A team at Mahidol University in Thailand has developed a precision spray-coating technique for perovskite materials that can be used to build a multilayer perovskite solar cell.
The sequential spray deposition (SSD) process described in the Optical Materials Express journal under the title “Layer-by-layer spray coating of a stacked perovskite absorber for perovskite solar cells with better performance and stability under humid environment”, could be scaled up for mass production.
“Our work demonstrates a process to deposit perovskite layer by layer with controllable thicknesses and rates of deposition for each layer,” said research team leader Pongsakorn Kanjanaboos from the School of Materials Science and Innovation, Faculty of Science, Mahidol University in Thailand. “This new method enables stacked designs for solar cells with better performance and stability.”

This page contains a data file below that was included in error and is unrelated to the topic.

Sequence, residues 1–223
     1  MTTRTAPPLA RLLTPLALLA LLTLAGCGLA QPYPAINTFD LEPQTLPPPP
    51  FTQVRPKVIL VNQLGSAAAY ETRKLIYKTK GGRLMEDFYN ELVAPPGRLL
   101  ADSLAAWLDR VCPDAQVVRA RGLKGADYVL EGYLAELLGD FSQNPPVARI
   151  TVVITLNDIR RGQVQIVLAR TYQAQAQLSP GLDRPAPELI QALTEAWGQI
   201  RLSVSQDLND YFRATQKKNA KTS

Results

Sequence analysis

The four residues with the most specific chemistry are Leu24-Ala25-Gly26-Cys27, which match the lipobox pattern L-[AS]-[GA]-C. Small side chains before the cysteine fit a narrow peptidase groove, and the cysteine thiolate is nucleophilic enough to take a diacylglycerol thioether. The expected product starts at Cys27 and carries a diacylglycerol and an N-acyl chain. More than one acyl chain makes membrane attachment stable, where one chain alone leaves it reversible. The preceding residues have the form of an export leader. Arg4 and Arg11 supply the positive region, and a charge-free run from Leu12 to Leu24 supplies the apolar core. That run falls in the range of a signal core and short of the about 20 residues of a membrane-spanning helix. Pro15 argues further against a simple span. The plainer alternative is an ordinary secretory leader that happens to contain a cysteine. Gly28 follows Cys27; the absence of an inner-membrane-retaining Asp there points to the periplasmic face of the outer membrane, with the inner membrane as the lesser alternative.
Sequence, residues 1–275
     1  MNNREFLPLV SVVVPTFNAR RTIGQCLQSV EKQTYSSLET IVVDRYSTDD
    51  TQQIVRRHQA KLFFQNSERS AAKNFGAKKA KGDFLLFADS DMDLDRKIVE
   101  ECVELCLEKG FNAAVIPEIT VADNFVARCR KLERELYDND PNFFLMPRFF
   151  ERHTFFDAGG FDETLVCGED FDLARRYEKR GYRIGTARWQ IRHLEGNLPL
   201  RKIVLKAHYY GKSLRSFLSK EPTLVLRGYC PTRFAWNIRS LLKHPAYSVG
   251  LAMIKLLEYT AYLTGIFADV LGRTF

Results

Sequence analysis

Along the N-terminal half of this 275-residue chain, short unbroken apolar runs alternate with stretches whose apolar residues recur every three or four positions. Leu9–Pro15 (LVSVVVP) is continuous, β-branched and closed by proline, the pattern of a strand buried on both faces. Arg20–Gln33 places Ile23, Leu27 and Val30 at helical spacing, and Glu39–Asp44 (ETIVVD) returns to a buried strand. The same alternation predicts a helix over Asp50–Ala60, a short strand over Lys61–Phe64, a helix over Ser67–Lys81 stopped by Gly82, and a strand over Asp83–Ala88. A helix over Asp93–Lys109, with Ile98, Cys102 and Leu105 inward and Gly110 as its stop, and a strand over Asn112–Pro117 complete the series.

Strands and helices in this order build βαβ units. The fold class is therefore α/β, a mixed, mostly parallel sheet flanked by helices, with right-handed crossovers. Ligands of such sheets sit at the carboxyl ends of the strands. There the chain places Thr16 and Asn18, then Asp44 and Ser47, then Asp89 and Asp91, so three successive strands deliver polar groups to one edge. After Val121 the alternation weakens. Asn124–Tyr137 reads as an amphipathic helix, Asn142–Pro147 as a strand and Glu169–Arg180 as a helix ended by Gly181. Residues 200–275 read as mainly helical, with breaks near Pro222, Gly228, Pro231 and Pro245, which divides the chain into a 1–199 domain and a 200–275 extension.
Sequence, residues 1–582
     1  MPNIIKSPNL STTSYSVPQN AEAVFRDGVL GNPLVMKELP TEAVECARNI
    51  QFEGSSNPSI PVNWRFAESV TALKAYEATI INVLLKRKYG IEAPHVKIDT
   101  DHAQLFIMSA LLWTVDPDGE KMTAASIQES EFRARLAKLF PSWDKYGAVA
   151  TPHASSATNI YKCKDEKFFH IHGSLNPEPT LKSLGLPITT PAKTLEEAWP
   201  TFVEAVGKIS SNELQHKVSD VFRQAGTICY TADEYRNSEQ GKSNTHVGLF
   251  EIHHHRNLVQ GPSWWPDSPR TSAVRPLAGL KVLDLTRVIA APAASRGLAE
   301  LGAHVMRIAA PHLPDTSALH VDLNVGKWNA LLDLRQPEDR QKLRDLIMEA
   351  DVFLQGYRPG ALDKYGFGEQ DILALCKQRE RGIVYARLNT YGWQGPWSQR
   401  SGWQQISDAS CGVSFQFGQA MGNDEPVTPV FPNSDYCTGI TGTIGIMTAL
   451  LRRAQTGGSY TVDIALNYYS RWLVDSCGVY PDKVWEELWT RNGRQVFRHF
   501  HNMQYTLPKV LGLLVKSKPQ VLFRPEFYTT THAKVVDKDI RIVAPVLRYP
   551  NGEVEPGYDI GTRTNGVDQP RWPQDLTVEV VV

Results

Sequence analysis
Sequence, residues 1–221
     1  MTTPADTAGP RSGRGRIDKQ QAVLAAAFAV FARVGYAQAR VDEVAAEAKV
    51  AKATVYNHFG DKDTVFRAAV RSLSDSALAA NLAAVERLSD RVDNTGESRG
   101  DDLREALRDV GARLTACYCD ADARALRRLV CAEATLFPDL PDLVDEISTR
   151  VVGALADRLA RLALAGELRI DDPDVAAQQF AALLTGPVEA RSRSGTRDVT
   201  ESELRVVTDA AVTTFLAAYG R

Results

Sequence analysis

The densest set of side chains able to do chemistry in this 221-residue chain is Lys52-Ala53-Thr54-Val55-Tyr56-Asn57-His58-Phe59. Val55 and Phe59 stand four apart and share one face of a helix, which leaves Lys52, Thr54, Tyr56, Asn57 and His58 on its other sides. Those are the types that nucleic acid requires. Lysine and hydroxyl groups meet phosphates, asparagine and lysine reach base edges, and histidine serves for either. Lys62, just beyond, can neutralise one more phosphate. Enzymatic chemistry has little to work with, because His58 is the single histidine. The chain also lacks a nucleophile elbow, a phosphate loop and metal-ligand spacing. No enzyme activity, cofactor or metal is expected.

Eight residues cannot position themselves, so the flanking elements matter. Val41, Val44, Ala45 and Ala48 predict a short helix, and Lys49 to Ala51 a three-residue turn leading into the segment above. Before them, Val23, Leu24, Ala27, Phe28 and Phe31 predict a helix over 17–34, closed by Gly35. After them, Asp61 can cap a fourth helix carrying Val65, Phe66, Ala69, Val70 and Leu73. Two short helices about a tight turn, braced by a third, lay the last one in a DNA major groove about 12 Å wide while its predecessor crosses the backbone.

So far, the solution processes typically used to make perovskites didn’t allow multilayer designs because the upper layer tends to dissolve the already-dried lower layer. After trying different spray coating methods, the researchers found one that worked at temperatures around 100°C, which they could use sequentially, one layer upon next, even with different perovskite compositions. They optimized the spray parameters to ensure that the tiny droplets dried and crystalized into solid perovskite immediately upon contact with the already-dried lower layer, preventing the formation of unwanted mixtures.
“With our spray coating process, the solution of the upper layer doesn’t disturb the solid film making up the first layer,” explains Pongsakorn. “Endless combinations of stacked perovskite architectures with any number of layers can be designed and created with precise control of thicknesses and rates of deposition for each layer.”
The researchers plan to use the new approach to make multilayer devices with new functions and combinations of performance and stability that were not possible before.
Mahidol University – https://mahidol.ac.th
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